Photo by Omri Epstein
I really enjoyed Robyn Jackson’s practical approach to teaching as presented in her book “Never Work Harder than Your Students”. So now that I’ve just read her piece titled “Case Study – The Stop Doing List”, I find myself wondering if I could do that.
It sounds like the right thing to do. It makes sense – I’m sure there are things I shouldn’t be wasting energy on when there is so much else I should be doing. But how does one eliminate those things?
Dr Jackson talks about 4 categories:
I don’t grade unnecessary assignments or do pointless warm up activities but the example of getting into pointless arguments with students made me pause. I actually have a problem with students who AREN’T in my lesson who keep coming into my classroom. They want to talk to me about their schedule (which seems to change constantly) or have discovered that a different class was cancelled and they want to have their lesson now (even though 10 minutes have passed!). I spend precious time and ENERGY getting them out of the room! This doesn’t happen every lesson but yesterday it was a real pain! Would love to eliminate this from my day but HOW?! The other teachers on my staff are unsympathetic – I’m the one who decided to teach in the format of a learning center…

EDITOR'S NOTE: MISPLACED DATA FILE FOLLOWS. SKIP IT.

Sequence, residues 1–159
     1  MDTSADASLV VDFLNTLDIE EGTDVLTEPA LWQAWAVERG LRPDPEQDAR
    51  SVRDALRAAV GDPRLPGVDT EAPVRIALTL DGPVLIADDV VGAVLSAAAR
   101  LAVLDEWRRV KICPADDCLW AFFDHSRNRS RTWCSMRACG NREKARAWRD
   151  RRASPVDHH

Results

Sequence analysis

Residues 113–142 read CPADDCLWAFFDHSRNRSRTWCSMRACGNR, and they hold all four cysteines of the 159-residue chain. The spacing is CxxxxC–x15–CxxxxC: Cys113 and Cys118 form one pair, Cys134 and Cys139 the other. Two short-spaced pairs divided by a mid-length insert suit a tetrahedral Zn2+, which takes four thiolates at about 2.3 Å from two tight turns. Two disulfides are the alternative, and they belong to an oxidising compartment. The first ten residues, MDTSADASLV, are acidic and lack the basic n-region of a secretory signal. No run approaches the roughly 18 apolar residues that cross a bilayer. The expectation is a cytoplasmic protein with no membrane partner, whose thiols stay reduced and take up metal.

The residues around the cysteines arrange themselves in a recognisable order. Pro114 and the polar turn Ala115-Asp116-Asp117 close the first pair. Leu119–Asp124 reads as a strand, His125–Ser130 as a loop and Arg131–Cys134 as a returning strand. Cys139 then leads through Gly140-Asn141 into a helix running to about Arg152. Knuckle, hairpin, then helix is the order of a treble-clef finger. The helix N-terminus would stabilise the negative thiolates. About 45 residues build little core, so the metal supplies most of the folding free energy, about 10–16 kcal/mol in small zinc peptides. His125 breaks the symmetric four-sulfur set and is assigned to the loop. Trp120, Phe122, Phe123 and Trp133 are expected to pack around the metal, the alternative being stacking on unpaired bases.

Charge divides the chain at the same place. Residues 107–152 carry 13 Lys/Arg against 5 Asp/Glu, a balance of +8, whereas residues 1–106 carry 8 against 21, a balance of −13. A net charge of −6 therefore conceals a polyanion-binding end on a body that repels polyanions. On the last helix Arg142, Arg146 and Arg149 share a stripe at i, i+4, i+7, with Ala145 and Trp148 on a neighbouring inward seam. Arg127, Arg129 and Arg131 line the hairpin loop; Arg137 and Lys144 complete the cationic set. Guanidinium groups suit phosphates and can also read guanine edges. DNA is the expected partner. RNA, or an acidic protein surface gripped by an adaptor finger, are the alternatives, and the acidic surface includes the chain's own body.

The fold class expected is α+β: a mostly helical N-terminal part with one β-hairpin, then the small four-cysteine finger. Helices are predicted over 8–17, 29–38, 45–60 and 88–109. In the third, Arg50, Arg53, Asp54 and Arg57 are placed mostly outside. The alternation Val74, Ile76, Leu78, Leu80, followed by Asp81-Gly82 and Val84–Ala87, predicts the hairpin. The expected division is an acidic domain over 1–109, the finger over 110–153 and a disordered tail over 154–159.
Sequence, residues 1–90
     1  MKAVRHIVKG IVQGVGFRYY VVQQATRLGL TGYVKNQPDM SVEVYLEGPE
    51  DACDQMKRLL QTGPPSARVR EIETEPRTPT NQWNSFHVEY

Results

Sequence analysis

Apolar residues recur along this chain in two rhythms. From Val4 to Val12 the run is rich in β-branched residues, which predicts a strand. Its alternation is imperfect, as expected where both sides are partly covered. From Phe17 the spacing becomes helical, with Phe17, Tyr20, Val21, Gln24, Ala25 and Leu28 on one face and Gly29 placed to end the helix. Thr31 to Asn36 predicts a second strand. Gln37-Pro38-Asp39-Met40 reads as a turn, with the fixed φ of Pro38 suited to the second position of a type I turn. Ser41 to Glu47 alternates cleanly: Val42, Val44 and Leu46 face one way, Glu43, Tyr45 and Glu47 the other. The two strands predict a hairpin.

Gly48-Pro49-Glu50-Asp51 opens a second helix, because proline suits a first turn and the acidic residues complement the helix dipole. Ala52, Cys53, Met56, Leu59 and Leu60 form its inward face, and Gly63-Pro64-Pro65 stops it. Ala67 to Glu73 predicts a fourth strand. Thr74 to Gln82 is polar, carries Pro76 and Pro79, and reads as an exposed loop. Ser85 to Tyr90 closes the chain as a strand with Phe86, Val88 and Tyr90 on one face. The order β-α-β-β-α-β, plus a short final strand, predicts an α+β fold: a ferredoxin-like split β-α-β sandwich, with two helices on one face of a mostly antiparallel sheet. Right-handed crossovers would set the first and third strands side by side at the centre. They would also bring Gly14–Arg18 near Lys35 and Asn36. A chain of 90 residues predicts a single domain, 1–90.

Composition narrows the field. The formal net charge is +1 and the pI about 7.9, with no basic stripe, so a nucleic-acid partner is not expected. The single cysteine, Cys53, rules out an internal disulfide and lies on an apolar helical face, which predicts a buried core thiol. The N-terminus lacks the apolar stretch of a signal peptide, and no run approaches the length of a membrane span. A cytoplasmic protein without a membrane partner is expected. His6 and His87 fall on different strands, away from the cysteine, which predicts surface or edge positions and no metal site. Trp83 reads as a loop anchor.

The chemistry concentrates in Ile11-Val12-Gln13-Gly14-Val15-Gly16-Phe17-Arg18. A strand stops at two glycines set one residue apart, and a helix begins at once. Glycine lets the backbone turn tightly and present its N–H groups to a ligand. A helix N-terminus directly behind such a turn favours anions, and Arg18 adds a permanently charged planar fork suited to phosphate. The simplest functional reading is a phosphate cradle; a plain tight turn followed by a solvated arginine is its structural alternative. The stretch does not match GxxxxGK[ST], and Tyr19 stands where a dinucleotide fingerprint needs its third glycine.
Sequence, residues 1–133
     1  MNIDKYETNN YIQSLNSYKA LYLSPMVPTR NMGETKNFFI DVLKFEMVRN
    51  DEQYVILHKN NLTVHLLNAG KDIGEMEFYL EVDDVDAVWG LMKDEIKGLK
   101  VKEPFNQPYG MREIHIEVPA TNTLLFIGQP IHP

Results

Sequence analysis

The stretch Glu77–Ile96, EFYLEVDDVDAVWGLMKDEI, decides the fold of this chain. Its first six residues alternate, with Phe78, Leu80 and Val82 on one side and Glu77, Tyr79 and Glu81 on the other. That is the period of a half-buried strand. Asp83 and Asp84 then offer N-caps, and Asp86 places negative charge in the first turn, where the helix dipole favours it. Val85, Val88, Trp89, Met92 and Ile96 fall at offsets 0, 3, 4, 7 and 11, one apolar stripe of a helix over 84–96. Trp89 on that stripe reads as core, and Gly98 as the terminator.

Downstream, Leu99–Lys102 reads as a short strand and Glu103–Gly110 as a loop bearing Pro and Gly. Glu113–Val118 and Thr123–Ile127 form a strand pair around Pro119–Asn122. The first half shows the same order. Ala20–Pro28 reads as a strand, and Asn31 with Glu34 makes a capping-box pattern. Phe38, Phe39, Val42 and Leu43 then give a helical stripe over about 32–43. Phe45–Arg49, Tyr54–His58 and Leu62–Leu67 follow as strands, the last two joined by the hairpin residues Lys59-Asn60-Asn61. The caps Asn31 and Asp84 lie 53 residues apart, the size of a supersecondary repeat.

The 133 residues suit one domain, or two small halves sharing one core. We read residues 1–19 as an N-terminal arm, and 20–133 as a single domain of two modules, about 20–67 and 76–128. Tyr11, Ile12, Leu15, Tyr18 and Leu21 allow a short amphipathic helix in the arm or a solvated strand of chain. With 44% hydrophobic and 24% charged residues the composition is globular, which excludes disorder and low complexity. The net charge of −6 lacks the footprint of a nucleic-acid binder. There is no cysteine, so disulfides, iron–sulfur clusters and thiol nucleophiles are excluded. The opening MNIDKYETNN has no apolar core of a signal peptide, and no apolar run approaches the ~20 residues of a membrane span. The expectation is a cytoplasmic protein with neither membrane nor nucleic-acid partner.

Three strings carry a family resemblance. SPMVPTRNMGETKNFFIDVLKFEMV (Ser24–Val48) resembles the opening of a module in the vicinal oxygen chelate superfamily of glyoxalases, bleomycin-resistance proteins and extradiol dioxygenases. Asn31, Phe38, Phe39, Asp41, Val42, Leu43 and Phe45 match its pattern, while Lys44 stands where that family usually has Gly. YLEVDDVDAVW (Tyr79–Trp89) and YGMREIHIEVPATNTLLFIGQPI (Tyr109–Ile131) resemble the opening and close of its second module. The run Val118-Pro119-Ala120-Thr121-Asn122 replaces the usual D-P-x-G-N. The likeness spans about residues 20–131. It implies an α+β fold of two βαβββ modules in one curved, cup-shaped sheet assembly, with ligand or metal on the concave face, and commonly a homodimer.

The advice is to automate these activities. Once again, I’ve caused myself a great deal of trouble by having a learning center. The school has upgraded the online system into which attendance, grades etc. must be entered. The other teachers can link the calendar to the class group saving time when typing in the information. However, my groups on the computer are simply divided by the students level. The students who are on the same level do not necessarily learn with each other. Consequently they are absent on different days.To make a long story short, I have to locate each student separately in the computerized system and it is MUCH slower. Certainly a time consumer but a way out of it has yet to be found.
Which work to delegate back to the students? This is a very important issue and the one I’ve had limited success in implementing. Maybe I should go back and read the chapter in the book again. I’ve tried using color coded feedback for correcting reading comprehension exercises (similar to ones given on the students exit exams) but it didn’t work well enough. LONG story – another post! I HAVE begun experimenting (with some students) with “flipping the classroom” and that seems to show promise!
The real teaching is supposed to stay!
At the moment I don’t know what I can eliminate from my “To Do” list – do you?